KANSAS CITY, Mo. -- A group in downtown Kansas City is gathering to support the Standing Rock Sioux Tribe's fight to stop the Dakota Access Pipeline.
There are people protesting nationwide outside Army Corps of Engineers offices in solidarity with the protesters in North Dakota.
The Standing Rock Sioux say they are fighting over the pipeline's potential impact on sacred sites and water contamination.
The US Army Corps of Engineers has delayed the construction of the pipeline until it meets with the tribe.
The proposed $3.7 billion pipeline would stretch from North Dakota through the Midwest and onto the Gulf coast. Oil companies want to tunnel under Lake Oahe, which is part of the Missouri River.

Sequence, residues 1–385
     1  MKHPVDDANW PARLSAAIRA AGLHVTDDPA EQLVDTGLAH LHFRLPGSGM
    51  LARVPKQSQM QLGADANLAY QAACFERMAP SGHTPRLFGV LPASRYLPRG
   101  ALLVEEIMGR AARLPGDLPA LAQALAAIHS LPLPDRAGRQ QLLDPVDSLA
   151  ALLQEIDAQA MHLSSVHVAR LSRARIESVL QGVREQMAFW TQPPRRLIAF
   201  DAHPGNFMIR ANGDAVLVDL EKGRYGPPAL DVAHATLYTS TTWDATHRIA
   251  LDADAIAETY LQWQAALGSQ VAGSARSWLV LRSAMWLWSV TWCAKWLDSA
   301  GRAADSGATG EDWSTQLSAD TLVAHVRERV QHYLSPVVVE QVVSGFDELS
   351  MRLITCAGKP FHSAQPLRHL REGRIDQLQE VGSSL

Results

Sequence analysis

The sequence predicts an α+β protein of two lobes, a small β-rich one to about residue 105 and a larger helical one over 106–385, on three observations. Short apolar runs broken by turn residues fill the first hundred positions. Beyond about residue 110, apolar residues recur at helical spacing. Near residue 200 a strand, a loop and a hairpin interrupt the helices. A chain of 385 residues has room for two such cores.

The companies say the pipeline is a more efficient way to transport North Dakota oil instead of using trucks and trains. The Standing Rock Tribe fears the pipeline could rupture and pollute the water supply and would destroy a sacred tribal site.
"We are all downstream so a major spill into the Missouri by the standing rock reservation could very well affect our water supply here," says John Fish Kurmann with 360 KC, a climate action movement.
The Army Corps of Engineers hopes to meet with the tribe to discuss ways the easement for the pipeline which is adjacent to the Standing Rock Sioux Nation could reduce spills.